One can induce turbulence into otherwise laminar flow by increasing or varying the flow rate, roughening the walls, or making sudden changes in the. diameter of the tube. It may be that, in turbulent conditions, the mean velocity of the motion of oxygen toward the wall can be made linear in time, t=R/v, where t is the time required and R is'the capillary radius. Another time is that 'of the fluid in the system which can be written 7rR LN/ W where L is the capillary length, N the number of parallel capillaries and Wthe volume flow per second of water in the system. If it is'fair to say that the two times must be of the same order for the oxygen to get to the membrane before leaving the system, one may then derive a design criterion:

%= constant Where A is the total wetted area of membrane in the system, 21rRNL. This criterion tells one that, independent of membrane characteristics, the ratio of membrane area to volumetric fluid flow must remain constant. From the heart-lung researches, it appears that the transverse velocities are likely to be as low as 0.05 cm./sec. which requires the membrane area for a 300 liter/min. flow equal to 20 meter This is greater than the required area based on membrane diffusivity alone and once more points to the uncertainty of assuming that better membranes guarantee better gills.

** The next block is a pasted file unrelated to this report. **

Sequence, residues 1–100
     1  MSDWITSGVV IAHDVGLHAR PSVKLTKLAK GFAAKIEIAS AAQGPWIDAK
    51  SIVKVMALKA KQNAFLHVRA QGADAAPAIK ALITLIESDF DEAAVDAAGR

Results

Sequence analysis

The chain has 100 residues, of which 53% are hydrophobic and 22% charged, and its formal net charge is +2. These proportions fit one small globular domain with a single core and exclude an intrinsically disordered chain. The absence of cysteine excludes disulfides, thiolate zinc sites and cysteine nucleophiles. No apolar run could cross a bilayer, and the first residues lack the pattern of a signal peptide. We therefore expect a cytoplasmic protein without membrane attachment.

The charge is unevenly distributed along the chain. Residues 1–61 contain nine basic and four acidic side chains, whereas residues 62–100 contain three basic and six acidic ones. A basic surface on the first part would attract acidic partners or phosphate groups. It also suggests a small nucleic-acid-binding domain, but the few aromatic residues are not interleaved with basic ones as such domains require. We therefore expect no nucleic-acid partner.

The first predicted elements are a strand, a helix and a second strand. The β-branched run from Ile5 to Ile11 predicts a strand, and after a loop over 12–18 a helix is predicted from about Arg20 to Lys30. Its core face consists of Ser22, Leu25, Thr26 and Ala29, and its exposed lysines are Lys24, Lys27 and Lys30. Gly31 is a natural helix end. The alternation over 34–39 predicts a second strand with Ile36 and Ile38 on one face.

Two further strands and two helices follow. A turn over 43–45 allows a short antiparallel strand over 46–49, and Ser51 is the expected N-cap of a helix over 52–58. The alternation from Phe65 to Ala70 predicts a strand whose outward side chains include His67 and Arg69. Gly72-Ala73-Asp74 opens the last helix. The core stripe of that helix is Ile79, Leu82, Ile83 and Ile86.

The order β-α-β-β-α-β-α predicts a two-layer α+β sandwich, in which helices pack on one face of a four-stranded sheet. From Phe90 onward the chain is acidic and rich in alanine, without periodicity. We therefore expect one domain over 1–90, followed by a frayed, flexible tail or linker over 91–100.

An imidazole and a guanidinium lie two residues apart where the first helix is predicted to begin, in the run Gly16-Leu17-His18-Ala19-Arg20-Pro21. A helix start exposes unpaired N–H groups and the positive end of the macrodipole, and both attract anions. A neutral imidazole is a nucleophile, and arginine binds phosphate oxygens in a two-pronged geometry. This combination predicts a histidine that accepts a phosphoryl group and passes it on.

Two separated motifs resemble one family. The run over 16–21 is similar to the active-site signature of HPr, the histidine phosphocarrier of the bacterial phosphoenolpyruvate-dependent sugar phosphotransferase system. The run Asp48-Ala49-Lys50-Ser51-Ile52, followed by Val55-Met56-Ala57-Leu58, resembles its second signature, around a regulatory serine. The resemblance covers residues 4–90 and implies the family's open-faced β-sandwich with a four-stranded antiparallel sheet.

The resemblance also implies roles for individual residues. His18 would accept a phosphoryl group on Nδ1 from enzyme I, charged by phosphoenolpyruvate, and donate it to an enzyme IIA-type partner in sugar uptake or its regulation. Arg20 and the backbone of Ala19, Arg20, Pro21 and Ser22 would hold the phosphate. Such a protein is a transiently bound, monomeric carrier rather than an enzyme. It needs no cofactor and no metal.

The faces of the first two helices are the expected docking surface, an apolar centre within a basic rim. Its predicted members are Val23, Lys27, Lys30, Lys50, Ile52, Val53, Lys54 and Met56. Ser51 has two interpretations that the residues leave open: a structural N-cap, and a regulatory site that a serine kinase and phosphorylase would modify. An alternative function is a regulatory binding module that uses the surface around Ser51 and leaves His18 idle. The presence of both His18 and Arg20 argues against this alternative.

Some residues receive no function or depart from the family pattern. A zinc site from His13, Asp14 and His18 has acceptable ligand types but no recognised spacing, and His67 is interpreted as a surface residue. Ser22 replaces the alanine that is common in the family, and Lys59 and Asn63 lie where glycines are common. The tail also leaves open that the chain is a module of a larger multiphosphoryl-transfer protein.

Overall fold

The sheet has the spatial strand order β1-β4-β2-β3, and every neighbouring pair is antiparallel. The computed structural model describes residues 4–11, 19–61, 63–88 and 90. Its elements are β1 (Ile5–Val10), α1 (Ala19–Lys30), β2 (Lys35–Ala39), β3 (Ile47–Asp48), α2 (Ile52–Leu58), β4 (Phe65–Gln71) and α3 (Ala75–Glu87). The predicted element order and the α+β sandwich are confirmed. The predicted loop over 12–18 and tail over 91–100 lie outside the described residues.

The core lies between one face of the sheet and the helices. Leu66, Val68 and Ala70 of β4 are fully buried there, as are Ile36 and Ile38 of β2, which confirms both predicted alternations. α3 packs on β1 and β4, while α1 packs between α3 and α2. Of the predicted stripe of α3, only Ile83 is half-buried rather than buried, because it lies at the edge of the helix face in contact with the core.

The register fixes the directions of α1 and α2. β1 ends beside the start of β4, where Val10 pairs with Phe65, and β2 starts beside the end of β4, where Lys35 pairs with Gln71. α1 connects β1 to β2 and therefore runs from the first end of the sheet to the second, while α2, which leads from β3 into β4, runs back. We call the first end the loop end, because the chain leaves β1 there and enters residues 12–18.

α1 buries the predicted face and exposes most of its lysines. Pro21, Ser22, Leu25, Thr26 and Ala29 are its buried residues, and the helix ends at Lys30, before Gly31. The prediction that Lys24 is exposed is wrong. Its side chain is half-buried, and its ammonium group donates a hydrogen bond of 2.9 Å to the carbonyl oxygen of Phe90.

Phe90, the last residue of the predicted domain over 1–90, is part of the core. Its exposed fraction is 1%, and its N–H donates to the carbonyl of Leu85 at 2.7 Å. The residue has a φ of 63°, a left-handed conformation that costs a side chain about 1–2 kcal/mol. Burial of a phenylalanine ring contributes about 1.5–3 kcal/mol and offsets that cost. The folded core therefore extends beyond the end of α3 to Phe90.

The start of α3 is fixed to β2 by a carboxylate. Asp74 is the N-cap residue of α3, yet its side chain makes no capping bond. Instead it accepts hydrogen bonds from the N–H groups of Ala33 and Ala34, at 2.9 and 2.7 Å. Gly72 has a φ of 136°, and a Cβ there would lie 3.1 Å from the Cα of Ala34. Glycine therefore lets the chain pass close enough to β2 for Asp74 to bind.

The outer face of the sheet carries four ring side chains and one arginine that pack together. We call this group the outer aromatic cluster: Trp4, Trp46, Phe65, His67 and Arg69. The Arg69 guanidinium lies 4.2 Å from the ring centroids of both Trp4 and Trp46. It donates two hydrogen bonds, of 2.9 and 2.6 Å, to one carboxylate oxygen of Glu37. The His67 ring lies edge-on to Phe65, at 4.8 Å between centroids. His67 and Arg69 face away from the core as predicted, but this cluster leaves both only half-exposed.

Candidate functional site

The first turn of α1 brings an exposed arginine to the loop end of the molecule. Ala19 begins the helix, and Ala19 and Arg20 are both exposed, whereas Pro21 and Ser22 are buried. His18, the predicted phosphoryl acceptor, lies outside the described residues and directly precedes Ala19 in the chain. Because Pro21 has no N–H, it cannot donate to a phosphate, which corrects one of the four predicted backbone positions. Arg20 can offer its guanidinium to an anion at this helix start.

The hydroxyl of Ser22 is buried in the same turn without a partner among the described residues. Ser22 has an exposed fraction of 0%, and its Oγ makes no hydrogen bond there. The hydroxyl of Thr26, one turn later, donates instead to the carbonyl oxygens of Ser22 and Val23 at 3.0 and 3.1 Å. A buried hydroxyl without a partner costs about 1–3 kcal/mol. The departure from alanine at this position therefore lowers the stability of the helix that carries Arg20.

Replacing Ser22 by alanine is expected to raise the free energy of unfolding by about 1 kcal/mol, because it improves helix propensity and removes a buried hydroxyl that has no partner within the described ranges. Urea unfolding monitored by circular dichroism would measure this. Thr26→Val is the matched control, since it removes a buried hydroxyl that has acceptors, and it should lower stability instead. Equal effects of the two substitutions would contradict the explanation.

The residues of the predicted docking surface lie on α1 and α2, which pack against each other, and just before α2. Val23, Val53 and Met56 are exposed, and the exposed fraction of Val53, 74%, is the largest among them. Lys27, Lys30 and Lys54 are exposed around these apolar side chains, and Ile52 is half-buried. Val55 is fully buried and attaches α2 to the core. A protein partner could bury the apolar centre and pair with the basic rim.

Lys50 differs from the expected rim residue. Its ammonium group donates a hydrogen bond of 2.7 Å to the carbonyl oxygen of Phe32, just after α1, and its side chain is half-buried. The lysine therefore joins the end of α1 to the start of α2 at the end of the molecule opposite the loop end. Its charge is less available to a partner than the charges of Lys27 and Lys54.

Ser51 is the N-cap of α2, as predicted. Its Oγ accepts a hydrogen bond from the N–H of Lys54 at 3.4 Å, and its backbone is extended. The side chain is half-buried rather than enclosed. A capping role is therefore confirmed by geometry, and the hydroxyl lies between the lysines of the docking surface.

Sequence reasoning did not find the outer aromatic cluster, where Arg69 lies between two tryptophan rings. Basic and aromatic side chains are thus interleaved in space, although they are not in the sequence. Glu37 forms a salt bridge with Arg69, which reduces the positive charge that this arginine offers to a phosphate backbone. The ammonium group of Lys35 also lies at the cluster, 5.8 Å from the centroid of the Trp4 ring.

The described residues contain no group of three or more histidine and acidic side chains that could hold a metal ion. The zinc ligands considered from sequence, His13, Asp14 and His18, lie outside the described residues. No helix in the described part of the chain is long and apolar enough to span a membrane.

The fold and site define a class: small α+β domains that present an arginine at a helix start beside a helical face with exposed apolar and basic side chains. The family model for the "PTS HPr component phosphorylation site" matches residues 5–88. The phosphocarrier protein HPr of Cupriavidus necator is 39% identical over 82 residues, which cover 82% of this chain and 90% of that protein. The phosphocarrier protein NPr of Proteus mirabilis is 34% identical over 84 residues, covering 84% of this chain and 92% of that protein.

The designers of machines for extra-corporeal circulation have pioneered the route for the present invention. They have demonstrated the importance of a multitude of parallel capillaries with carefully balanced flow impedances. These capillaries may be, for example, 60 cms. long and 1 mm. in diameter inorder to take maximum advantage of the wetted area in a given volume.